Roxane's Reviews > Afro-Cuban Tales

Afro-Cuban Tales by Lydia Cabrera
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's review
Jun 10, 2012

really liked it
bookshelves: mythology, folklore, around-the-world-in-twelve-books-ch, cuba, africa
Read from June 25 to 27, 2012 — I own a copy

This read was for the 2012 Around the World in 12 Books Reading Challenge hosted by Shannon at Giraffe Days (May: Cuba)

Full review:

Before I get into the heart of the matter, I'd like to say a few words on the author and the English edition of the work which contains two introductions, that of the English edition but also that of the Spanish edition. While I wasn't aware of this when I first purchased the book, Afro-Cuban Tales was first published in French in 1936 under the title Les Contes Nègres de Cuba. Lydia Cabrera was born in May 1899 in Havana and settled in Paris in 1927. While she originally wrote the book in Spanish, she first translated and published it in French. That being said, I'm quite pleased to have read the English edition because the translators have clearly worked from both the French and Spanish editions and included several notes where these two differed. I felt this gave readers a much broader view and you could sometimes question why Cabrera decided to rewrite certain passages in the French translation.

All the tales collected here were told to Cabrera by some of her Afro-Cuban friends. She put them into writing but the reader can clearly see that some tales need to be read out loud and even sang. As it is often the case in African tales, rhythm and rimes are essential.Cabrera's work is not merely that of transcription as Isabel Castellanos explains in her introduction: in some cases, the author has modified stories by adding incidents and characters while others are clearly stories based on old Afro-Cuban songs and in those cases, music is central to the stories. These are not merely legends and tales collected by an anthropologist, it is clearly part of a creative process. It's fiction that incorporates Afro-Cuban traditions and folklore.

A lot of the stories are of Yoruba origin and the translators have done a wonderful job at giving the reader as much context as possible without ending up with half pages long footnotes. The unfamiliar reader (like me!) will get to learn more about Yoruba saints and divinities and in fact, the way they interact and interfere in human affairs really reminded of Greek mythology.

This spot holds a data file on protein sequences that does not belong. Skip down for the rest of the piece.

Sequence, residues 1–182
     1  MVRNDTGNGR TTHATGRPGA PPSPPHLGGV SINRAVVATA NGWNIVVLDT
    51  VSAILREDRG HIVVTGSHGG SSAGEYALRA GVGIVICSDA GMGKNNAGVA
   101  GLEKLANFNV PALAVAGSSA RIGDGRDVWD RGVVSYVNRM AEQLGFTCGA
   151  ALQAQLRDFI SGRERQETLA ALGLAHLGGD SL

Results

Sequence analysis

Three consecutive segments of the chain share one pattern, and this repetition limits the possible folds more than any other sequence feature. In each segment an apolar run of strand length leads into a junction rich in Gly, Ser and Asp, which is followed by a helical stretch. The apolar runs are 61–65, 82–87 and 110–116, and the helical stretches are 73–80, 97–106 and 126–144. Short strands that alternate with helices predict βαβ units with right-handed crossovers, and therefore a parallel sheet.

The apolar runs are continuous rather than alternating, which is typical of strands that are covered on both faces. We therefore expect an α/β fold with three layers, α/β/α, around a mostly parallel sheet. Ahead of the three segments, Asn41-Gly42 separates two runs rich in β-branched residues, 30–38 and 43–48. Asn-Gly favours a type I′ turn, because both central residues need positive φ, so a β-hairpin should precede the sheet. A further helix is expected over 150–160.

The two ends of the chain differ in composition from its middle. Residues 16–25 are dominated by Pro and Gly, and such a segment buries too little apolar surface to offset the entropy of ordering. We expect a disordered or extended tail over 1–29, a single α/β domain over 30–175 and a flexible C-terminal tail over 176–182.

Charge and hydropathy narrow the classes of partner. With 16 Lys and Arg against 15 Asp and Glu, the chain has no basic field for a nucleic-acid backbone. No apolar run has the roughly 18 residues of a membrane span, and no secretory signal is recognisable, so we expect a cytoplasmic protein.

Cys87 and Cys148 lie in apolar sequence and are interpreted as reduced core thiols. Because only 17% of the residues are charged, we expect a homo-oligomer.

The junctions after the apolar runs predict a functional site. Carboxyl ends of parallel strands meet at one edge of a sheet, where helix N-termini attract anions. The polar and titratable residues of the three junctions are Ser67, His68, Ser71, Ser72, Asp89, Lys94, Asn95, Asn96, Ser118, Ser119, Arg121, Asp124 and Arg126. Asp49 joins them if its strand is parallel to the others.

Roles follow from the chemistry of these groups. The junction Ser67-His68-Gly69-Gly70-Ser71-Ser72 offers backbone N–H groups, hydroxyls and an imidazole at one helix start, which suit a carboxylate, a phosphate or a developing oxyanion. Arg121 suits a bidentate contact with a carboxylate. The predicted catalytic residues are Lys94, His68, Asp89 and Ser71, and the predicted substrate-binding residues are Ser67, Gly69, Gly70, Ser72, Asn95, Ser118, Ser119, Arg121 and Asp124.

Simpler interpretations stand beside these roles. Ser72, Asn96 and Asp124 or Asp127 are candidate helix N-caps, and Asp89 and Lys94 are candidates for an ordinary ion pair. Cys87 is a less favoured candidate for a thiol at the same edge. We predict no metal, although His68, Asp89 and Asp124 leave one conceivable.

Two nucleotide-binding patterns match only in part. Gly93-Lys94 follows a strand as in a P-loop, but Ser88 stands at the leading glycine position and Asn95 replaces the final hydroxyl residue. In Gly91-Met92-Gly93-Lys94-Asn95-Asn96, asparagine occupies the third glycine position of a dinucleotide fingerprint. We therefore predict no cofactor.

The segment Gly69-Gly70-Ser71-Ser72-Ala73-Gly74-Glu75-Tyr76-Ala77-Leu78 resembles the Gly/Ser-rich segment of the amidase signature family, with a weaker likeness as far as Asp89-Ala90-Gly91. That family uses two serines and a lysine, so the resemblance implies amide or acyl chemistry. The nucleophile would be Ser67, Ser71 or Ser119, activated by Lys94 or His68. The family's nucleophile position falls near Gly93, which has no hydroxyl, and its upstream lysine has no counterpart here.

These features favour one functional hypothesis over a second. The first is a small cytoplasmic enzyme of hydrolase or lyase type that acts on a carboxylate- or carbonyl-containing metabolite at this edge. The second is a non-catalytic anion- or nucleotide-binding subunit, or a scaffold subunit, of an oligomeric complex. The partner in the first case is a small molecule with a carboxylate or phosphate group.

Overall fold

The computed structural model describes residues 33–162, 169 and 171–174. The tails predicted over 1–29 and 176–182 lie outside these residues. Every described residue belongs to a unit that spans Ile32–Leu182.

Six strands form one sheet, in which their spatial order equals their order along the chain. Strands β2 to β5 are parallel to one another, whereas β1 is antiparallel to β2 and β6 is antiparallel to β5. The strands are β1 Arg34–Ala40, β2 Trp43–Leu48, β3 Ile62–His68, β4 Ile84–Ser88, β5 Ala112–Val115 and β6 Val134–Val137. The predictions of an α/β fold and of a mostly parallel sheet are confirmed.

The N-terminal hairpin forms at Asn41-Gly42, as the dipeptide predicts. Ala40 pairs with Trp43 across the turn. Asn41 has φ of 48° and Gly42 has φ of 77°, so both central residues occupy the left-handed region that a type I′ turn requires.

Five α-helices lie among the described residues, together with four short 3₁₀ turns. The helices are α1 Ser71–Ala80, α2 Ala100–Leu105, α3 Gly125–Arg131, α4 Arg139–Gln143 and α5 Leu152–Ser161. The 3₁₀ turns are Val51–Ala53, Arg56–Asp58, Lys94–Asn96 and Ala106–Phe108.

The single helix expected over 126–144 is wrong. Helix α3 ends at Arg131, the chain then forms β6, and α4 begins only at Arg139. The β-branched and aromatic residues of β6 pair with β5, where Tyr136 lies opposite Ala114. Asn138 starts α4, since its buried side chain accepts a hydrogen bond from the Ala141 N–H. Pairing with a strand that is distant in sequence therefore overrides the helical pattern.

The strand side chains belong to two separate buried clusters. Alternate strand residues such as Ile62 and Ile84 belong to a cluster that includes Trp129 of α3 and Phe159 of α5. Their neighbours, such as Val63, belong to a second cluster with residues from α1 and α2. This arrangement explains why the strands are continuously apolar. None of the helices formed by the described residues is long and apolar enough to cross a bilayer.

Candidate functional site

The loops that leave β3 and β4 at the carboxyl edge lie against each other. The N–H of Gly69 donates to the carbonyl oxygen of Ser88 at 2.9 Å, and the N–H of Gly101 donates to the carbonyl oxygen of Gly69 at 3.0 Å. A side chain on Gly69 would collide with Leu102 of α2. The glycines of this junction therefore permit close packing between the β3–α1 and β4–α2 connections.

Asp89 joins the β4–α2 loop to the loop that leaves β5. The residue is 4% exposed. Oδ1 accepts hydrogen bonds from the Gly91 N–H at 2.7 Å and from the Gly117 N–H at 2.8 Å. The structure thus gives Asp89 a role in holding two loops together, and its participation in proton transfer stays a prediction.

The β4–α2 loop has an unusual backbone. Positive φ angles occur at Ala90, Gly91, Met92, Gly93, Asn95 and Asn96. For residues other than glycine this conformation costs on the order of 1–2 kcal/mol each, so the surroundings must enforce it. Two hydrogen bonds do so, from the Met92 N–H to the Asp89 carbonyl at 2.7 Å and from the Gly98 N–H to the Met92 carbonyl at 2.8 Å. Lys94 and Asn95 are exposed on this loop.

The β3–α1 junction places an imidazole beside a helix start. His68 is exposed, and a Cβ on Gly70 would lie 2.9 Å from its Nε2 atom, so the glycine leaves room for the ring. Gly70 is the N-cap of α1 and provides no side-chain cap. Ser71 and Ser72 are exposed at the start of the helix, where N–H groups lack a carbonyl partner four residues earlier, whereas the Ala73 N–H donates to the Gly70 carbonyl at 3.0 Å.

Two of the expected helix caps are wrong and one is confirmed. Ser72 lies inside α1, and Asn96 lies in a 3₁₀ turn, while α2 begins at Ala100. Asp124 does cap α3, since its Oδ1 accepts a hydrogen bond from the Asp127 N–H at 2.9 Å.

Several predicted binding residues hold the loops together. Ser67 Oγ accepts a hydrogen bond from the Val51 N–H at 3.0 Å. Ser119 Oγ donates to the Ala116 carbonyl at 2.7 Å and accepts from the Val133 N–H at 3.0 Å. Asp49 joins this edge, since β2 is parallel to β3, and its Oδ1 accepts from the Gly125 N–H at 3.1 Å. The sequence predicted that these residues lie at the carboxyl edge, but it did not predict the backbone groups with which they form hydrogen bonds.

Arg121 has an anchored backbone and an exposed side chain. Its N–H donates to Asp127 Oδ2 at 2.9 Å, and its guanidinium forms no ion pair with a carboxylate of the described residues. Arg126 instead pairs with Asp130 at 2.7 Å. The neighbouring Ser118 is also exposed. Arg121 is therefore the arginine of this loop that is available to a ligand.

Cabrera's Afro-Cuban Tales are not fairy tales and in the beginning I was somewhat put off by the fact that in some stories, the bad guy wins and an innocent gets punished for no reason at all. Morality is not what you expect or what westerners are used to, but once you've grasped this, you're only beginning to see the richness of the world in which Cabrera's tales are set.

Boundaries are not where we would expect them to be: some protagonists are animals, others plants, gods and humans and all interact with one another, talking to one another, marrying one another regardless of whether they are man, woman, tree, turtle or earthworm. And yet, everything is solidly anchored into the real world as some stories refer to mulattoes, black people and white people, others refer to slavery and to the class system it left once after its abolition. Some religious practices are carefully detailed, some characters express themselves in creole and others Cuban vernacular. While this is fiction, there's no doubt that it is also thoroughly researched and aims at authenticity.

This strange and delicate balance between reality, authenticity and fiction, magic and folktale is at the heart of Afro-Cuban Tales. As Isabel Castellanos explains is in her introduction "What is unreal becomes real, and what is real, unreal" or in Cabrera's own words "the reality of unreality". And in that regard, it appears that Cabrera's work can be interpreted as a forerunner of magic realism.

Afro-Cuban Tales is a rich and seminal piece of fiction that mixes anthropology, history and ethnography, one that I would recommend to readers of speculative fiction and those interested in Cuban and African cultures alike.
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